I have been thinking a lot about lasts the past few days. The last thing I said to my son and daughter as they left for preschool and first grade in the morning. The last time I yelled at them, which was probably a half hour before they left for school. The last joke I heard them tell, and whether or not I can remember it. The last dinner we ate together and what we talked about. The last really long cuddle, and how much I truly took in. The last time I smelled their hair after bath, which may or may not have reminded me of melons and berries. The last time I combed through my daughter’s thick curly mane, so much like mine. The last time my son did his monkey dance, which always makes me laugh, hoping I displayed and felt enough enthusiasm at seeing it again.
All these lasts, they happen all the time. We go through them every day without thought or question that we will do them again. That is what has been an anvil on my heart since I heard the news last Friday. All these motions through our lives, as days and weeks and months pass, did I pay enough attention? Did I give thanks, and enjoy it? Even the most frustrating and jaw clenching worst of it? Would I, should I find myself in the same position as these shattered families, find these memories hard to recall? And if recollection failed would I be able to rise again from the crippling despair of the knowledge that they will never happen again? The thought that these poor families could be struggling in reality with the same emotions that I am merely contemplating as what if? My heart hurts so badly for them.
I was folding clothes yesterday after cycling another never ending basket of my children’s laundry in the washer/dryer. Without thinking I held one of my son’s sweatshirts up to my face and breathed in his scent that lingers there, a delicious combination of Dominic and April freshness. That was all it took for a trigger. I looked around at my once daunting task with the horrid realization that these poor parents who have lost their little loves must have so much laundry to do. Their children’s laundry. Whether it be fresh and clean or worn with remnants of meals and art projects smeared all down the front. I sat down and wept again, my head bowed before my little-person stacked piles of his and hers outfits, thankful I still have my babies to create those aggravating grass and spaghetti stains that I so often curse.
When we sent them off to school on Monday I held on to them for much tighter and much longer than usual, as I know everyone who could, must have. Then the rest of the week happened and we were as usual running late with quick hugs and kisses, and I love you called out as we rushed them into school. All focus was aimed at moving on to the next task of the day. It wasn’t until a few hours later when the thought of potential loss hit me once more, and I was filled with regret that I did it again. We went through the motions with displays of appreciation for each other, but without active appreciation for the moment, just as we have always done. With that realization I felt like a horrible mother, an inconsiderate wife, a poor example of one who honors the memory of the lives taken and their families who have had the cataclysmic misfortune to now live life with such unfathomable loss.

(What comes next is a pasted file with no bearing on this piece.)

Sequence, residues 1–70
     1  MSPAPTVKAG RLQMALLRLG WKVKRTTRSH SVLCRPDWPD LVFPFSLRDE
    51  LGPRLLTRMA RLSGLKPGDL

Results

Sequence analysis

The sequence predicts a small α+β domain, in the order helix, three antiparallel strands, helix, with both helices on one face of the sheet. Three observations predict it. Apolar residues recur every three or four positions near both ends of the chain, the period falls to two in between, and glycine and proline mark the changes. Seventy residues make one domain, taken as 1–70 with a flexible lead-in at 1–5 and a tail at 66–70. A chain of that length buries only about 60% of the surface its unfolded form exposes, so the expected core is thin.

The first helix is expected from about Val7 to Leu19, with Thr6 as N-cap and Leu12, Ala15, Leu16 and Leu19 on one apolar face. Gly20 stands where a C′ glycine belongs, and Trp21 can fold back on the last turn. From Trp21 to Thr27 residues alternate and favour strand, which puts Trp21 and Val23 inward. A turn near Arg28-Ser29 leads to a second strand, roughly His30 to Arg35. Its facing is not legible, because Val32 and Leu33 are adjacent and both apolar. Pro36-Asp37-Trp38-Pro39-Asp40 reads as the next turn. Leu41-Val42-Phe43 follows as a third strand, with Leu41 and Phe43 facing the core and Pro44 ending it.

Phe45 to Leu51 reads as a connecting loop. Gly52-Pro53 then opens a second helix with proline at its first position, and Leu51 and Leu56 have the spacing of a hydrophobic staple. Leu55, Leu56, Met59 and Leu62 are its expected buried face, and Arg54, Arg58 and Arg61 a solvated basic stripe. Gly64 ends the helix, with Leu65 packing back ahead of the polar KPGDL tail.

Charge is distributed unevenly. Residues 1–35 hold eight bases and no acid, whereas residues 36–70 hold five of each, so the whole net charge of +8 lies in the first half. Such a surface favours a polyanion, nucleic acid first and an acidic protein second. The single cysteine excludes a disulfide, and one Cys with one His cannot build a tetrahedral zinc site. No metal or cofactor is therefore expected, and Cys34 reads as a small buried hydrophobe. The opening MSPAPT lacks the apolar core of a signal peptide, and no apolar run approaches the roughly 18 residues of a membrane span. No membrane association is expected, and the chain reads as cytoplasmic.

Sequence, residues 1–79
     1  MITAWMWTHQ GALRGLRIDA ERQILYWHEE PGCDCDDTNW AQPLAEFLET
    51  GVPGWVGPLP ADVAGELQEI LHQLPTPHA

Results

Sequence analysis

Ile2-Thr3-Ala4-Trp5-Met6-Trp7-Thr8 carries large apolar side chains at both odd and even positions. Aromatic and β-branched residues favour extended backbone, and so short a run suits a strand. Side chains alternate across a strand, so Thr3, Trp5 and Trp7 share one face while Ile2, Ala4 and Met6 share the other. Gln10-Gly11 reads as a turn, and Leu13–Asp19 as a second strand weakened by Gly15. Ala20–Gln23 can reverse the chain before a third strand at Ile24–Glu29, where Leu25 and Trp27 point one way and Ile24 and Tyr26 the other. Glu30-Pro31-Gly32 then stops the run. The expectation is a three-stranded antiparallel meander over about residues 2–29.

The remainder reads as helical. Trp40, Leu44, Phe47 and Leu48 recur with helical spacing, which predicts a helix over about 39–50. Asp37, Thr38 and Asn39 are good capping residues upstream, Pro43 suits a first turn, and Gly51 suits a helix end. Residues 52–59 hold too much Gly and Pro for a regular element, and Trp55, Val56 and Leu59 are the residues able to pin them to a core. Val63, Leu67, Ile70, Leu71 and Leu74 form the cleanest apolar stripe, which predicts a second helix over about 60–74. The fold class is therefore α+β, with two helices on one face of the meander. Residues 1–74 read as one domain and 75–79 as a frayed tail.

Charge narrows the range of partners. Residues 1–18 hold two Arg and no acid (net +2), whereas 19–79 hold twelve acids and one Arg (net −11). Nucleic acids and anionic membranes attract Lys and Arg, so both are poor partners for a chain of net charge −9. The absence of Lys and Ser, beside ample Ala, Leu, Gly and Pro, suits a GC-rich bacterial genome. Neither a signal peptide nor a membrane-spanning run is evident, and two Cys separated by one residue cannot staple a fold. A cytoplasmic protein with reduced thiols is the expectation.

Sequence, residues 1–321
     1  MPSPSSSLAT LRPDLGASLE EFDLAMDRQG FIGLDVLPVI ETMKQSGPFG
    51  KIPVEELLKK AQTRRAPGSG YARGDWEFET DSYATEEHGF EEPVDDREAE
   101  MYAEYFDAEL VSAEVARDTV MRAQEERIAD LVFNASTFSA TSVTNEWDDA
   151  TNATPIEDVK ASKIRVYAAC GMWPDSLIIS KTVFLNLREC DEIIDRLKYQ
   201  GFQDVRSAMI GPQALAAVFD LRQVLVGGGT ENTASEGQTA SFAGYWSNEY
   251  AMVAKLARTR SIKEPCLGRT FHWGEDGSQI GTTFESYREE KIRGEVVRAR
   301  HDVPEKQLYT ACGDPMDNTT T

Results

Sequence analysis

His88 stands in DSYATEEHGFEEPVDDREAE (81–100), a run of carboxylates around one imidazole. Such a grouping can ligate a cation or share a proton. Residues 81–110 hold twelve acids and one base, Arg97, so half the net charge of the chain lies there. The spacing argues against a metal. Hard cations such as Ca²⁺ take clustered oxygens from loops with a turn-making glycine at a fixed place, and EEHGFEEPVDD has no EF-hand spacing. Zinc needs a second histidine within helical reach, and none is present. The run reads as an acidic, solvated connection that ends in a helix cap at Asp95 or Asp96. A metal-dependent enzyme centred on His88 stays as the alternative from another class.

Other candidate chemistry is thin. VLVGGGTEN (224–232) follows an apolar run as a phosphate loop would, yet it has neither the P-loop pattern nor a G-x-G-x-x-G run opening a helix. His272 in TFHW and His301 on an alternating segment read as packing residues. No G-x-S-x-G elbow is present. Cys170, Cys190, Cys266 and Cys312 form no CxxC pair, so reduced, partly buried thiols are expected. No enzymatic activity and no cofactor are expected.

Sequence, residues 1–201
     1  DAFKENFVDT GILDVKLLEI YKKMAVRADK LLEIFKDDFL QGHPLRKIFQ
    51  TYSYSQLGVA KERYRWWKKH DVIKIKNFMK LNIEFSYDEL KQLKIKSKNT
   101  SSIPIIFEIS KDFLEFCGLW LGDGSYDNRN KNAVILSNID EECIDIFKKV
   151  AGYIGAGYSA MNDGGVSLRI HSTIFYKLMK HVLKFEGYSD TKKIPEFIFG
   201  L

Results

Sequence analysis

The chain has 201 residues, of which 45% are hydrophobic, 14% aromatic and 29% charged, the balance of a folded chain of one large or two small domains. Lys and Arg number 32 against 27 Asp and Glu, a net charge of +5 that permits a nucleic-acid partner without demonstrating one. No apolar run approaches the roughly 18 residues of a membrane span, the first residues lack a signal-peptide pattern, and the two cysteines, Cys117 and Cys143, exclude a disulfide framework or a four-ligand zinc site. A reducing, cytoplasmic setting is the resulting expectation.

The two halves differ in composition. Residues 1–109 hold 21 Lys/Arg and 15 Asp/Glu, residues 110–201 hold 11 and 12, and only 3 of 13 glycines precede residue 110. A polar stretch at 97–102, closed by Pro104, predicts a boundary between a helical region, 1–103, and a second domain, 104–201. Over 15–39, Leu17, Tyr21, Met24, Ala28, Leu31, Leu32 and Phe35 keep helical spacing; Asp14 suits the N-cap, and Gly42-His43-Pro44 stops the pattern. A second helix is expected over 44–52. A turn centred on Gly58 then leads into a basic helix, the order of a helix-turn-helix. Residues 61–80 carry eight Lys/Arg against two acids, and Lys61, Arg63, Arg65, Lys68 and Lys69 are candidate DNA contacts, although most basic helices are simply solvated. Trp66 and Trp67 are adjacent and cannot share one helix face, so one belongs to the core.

How often we hear the saying, appreciate every moment, live each day like it’s your last. I have decided that I cannot live that way. For me there is too much despair in this thought that my family and I could be separated. I can’t be in that moment all the time, or often for that matter. To truly live this gift that we are still blessed to have, I need the motion of life itself.
So I am going to keep going, raising my kids, living a good life, exploring and experiencing what the world has to offer outside of our four walls, and being thankful that we are all healthy and want for little. I will take pause now and then when the moment strikes, in that instant when I notice that she has outgrown her pants, when I hear him belt out a fabulous vocabulary word that I never saw coming, when I watch them put dollars in the bucket to feed the hungry at Christmastime, a mix of sadness of its necessity and pride in watching their desire to help our fellow people grow. It is with this motion of life that in my heart I will honor them.
Rest easy, little ones and your fallen heroes.